Although some people might view standards and guidelines as restrictive, in many industries they provide a valuable method of communication. When manufacturers design and construct electrical enclosures that comply with NEMA or IEC classifications, they clarify important information about the protections offered by an enclosure. So when a consumer needs an enclosure to work in a particular environment, they can pinpoint the appropriate NEMA and/or IEC rating, shop for enclosures that meet that rating, and purchase the perfect product. Two of the most popular standards are created by the National Electrical Manufacturers Association (NEMA) and the International Electrotechnical Commission (IEC). NEMA vs. IEC classifications: what’s the difference? Scroll down to find out . . .
NEMA vs. IEC Classifications
When deciding which standards to abide by, manufacturers typically select reputable listing organizations with a proven record of creating useful enclosure standards. NEMA and IEC both make the grade in this regard. IEC is a global leader when it comes to the preparation and publishing of international standards for electrical enclosures. While based in the United States and popular amongst Americans and Canadians, NEMA is also a global organization promoting electrical standards around the world. Today we will discuss IEC 60529 and NEMA 250, the applicable publications.
What’s the difference?
When considering NEMA vs. IEC classifications, it’s important to note that these two standards are similar in many ways. They both address ingress protection and specify the degree of protection offered by an enclosure against the ingress of solid objects (dust, dirt, debris, lint) and liquids (water). In addition, they both address how well the enclosure protects humans against hazardous components contained within the enclosure. Finally, they both allow for self-testing and self-compliance. Although some manufacturers pay an independent testing facility to test their products for compliance, self-testing is allowed.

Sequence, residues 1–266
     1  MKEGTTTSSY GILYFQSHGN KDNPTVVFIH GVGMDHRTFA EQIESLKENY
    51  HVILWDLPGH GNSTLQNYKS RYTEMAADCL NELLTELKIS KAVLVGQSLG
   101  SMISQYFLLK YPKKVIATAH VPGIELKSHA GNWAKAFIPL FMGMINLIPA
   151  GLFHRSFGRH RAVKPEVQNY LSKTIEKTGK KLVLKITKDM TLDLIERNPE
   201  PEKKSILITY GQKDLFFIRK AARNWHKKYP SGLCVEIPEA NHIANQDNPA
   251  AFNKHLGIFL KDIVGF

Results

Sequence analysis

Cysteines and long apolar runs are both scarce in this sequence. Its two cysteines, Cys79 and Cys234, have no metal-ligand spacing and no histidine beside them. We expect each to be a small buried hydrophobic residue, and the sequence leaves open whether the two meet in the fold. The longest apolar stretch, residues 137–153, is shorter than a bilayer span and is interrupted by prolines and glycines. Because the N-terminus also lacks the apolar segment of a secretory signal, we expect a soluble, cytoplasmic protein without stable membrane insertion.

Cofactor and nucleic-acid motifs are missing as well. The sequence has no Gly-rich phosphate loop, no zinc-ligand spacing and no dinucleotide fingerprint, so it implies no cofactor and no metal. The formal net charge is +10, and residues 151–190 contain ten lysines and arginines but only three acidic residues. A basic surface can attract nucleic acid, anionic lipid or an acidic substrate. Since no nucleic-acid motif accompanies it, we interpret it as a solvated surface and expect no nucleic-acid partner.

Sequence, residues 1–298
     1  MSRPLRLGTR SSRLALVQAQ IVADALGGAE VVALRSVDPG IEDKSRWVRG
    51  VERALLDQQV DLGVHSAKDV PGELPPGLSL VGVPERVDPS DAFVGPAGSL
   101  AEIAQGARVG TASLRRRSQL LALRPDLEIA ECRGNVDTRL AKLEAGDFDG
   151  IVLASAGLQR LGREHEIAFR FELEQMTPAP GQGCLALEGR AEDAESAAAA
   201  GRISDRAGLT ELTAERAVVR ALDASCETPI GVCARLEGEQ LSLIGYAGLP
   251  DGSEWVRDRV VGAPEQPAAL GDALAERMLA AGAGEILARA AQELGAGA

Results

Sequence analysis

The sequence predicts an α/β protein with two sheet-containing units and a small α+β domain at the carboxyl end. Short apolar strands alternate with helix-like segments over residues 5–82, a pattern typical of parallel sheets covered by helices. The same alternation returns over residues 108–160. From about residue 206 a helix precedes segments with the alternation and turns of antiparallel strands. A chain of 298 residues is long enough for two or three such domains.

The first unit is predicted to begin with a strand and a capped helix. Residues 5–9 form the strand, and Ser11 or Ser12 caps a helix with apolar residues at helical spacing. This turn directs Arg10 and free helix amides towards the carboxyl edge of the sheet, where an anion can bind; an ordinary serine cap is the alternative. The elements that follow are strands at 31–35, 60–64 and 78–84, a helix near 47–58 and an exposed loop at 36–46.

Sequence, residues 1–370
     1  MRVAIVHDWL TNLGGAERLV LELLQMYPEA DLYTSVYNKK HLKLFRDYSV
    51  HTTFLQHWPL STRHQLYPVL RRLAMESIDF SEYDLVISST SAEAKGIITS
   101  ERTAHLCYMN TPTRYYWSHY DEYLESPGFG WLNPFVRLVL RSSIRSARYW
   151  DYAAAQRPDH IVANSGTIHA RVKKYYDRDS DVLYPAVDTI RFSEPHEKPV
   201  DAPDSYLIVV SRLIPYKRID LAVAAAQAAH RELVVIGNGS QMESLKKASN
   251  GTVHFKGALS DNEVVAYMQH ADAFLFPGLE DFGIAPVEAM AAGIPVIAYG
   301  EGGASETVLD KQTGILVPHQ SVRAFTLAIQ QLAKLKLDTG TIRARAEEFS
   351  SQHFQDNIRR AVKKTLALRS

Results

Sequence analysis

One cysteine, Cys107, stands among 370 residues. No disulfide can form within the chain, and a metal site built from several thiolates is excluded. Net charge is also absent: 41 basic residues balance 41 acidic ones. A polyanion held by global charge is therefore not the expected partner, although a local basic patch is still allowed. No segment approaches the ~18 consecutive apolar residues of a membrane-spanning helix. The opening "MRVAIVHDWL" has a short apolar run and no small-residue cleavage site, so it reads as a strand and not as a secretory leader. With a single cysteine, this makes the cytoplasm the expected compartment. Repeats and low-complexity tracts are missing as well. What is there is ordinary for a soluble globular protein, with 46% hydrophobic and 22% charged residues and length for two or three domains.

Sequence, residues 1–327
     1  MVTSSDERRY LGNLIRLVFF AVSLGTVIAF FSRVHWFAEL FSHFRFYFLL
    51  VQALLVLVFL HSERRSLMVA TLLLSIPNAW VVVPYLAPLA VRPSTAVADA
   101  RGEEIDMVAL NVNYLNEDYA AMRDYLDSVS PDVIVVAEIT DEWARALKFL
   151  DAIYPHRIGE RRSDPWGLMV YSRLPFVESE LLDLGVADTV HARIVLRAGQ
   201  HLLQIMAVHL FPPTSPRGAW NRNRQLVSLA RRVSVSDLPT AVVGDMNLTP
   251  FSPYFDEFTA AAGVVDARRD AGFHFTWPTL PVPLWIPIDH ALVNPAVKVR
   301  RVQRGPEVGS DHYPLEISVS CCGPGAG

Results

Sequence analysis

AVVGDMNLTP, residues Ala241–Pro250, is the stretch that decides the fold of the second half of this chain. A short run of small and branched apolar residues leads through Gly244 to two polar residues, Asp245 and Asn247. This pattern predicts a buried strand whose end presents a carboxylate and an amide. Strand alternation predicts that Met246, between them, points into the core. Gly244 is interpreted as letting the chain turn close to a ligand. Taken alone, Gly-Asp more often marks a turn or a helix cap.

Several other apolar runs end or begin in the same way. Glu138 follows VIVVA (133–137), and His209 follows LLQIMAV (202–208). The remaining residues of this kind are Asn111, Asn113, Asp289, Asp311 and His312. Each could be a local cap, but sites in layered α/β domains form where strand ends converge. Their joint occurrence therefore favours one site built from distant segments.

NEMA and IEC differ in the following ways:
- NEMA addresses construction. It discusses minimum design requirements for enclosures.
- IEC identifies ingress protection levels (IP ratings). IEC standards for electrical enclosures are relayed in ingress protection levels (also known as IP ratings). NEMA uses types.
- NEMA addresses corrosion. Unlike the IEC classifications, NEMA incorporates the level of protection enclosures offer against corrosion.
In addition, please note that NEMA ratings and IP ratings do not directly correspond to one another. Since they cover different protections, you need to explore them both independently.
What about UL?
Of course, NEMA and IEC are not the only popular options for electrical standards. You might wonder why we haven’t mentioned Underwriters Laboratories (UL) standards, instead choosing to focus on NEMA vs. IEC classifications. Although UL rounds out this trio – NEMA, IEC, and UL publish the most highly favored standards for electrical enclosures – UL is the most disposable in this debate. Why? They’re based on NEMA’s specifications. UL standards enforce compliance using third-party testing and on-site visits, so that companies can prove their NEMA standards. NEMA, on the other hand, does not mandate compliance. Thus, a manufacturer’s products may meet NEMA standards but also contain UL certification to prove compliance.
Ready to Purchase an Enclosure?
Industry standards assist in the communication process between manufacturers and consumers, promoting safety, efficiency, and high performance levels. They prevent variations in products’ performances, simplifying the shopping process. Once a consumer knows the appropriate NEMA and/or IEC rating for their intended application, they can select an enclosure with confidence.
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